Android, Qualcomm move on insecure GPS almanac downloads
HTTPS? They've heard of it
Nearly a decade after it introduced assisted-GPS in its mobile chipsets, Qualcomm has squished a bug that allowed miscreants to mess around with people's location services, or crash their phones.
In 2007, Qualcomm made GPS signal acquisition faster by using an almanac of satellites. Instead of having to acquire signals blindly, Qualy's gpsOneXTRA tech tells the handset where it should be looking.
However, as Nightwatch Security Research noted in an advisory on Monday, some implementations use unencrypted and unauthenticated HTTP instead of HTTPS to fetch the almanac files. The issue's been given CVE-2016-5341.
The advisory notes that each time a device – in the Nightwatch test, it was a Motorola Moto G – connects to Wi-Fi, an operating system level process fetches the almanac.
“Our examination of network traffic and the Android source code revealed that the network calls did not use SSL or any other encryption or authentication technology, and that the specific files we tested were not digitally signed.”
A man-in-the-middle attacker could substitute a file with fake GPS information, the advisory states (Vulture South wonders if a malicious file could do other things to the target, but that wasn't tested by Nightwatch).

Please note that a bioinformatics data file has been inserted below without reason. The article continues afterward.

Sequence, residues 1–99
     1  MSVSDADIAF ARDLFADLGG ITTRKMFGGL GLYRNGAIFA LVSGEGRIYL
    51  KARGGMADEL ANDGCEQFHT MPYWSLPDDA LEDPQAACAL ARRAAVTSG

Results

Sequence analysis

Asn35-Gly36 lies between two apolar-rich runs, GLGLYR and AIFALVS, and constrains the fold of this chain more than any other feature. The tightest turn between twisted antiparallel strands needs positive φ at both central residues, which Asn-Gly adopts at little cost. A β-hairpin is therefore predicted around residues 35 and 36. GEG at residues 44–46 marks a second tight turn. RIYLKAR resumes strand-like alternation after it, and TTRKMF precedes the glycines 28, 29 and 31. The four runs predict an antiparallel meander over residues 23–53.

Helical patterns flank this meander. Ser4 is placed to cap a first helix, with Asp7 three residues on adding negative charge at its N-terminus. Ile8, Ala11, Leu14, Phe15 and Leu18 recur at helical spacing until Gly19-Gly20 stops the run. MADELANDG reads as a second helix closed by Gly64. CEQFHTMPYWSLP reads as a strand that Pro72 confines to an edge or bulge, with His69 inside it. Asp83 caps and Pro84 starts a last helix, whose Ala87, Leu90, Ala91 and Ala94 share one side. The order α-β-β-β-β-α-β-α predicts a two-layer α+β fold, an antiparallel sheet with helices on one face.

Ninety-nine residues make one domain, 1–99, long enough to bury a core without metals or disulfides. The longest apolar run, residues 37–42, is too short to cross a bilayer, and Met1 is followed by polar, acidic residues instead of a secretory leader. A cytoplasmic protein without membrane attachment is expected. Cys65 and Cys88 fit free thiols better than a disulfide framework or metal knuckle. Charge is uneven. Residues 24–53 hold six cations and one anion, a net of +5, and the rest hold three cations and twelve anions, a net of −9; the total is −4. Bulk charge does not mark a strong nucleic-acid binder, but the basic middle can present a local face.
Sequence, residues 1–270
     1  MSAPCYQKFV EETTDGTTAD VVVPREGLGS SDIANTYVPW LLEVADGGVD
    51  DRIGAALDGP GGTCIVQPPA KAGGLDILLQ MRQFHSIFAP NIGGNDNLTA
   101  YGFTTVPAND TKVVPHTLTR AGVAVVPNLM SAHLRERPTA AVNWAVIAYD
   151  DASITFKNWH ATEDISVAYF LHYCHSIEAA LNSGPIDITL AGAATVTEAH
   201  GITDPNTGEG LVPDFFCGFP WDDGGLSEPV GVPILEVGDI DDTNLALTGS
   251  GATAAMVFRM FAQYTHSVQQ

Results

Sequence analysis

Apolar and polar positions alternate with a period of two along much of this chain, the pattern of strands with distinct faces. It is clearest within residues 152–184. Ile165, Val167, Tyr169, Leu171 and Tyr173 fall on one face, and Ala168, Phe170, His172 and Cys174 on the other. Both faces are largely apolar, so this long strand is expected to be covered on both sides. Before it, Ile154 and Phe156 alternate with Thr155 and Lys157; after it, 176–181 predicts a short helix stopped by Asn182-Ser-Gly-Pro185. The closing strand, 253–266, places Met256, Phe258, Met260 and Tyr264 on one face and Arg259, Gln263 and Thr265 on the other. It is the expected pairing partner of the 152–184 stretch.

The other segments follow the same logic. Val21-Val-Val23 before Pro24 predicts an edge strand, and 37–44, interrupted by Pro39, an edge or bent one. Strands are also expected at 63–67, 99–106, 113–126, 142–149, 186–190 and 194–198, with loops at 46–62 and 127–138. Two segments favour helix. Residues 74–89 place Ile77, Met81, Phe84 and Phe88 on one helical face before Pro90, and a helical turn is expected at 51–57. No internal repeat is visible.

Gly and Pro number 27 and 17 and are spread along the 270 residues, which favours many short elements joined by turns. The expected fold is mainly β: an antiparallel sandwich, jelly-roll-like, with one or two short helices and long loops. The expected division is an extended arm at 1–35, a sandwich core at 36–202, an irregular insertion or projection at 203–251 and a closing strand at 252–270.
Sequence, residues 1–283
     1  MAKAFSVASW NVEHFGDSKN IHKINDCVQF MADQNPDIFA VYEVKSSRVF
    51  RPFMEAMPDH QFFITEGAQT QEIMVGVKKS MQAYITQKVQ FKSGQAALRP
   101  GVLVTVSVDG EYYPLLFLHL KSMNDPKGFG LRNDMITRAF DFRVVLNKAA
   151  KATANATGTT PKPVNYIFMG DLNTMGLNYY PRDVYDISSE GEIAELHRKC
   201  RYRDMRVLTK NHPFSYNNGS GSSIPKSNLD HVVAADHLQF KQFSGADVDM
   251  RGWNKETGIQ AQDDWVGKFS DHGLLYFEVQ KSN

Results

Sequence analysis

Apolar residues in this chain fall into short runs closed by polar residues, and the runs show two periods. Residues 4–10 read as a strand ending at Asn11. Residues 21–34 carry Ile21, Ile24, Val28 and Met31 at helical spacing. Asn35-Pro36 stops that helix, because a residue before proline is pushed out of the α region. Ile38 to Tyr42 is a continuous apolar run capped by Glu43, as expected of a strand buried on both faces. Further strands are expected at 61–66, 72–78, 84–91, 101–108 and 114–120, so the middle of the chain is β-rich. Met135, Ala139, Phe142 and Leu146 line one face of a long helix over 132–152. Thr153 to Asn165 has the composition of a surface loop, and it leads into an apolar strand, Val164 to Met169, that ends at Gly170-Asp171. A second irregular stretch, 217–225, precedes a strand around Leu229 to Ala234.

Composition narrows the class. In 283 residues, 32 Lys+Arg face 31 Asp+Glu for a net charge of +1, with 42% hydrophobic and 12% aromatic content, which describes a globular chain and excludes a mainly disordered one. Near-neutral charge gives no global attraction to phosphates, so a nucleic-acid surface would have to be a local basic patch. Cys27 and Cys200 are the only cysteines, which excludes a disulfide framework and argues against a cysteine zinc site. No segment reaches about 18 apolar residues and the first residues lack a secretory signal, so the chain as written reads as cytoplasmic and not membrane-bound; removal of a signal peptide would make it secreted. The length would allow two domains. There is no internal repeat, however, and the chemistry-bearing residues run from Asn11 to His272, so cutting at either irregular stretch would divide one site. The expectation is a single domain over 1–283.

Faking the almanac data probably looks like a nuisance-level attack: the phone would cycle around looking for satellites that aren't there, with location disabled.
However, in its December security bulletin, Google noted that sending a fake .bin masquerading as the GPS almanac could hang devices, and gave it a “High” severity rating.
Google devices will get the 2016-12-05 security update over the air; owners of other 'droids have to wait until their OEMs roll out updates.
The bug only affects Android implementations, the advisory says, because they fetch their almanac files from the Qualcomm domains gpsonextra.net and izatcloud.net. Apple and Microsoft use internal mechanisms to deliver the files.
Qualcomm is working with its OEMs to switch to HTTPS connections to conceal and protect GPS almanac information in encrypted streams. ®